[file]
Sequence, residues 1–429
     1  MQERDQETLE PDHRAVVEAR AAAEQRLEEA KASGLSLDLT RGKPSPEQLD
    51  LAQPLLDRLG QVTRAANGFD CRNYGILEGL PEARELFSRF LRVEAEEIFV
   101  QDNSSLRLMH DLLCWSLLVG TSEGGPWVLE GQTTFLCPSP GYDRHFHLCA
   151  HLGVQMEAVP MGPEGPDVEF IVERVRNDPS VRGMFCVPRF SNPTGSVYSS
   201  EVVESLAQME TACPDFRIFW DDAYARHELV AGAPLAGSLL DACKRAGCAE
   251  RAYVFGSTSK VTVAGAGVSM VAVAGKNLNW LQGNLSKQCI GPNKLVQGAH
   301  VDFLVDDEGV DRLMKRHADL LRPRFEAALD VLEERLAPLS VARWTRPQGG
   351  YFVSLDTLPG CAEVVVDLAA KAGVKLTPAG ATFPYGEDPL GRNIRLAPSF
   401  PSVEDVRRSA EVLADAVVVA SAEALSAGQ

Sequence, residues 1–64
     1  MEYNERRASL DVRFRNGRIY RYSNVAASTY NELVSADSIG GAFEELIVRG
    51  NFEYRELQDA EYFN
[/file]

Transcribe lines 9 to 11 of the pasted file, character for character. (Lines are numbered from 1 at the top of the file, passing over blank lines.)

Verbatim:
   351  YFVSLDTLPG CAEVVVDLAA KAGVKLTPAG ATFPYGEDPL GRNIRLAPSF
   401  PSVEDVRRSA EVLADAVVVA SAEALSAGQ

Sequence, residues 1–64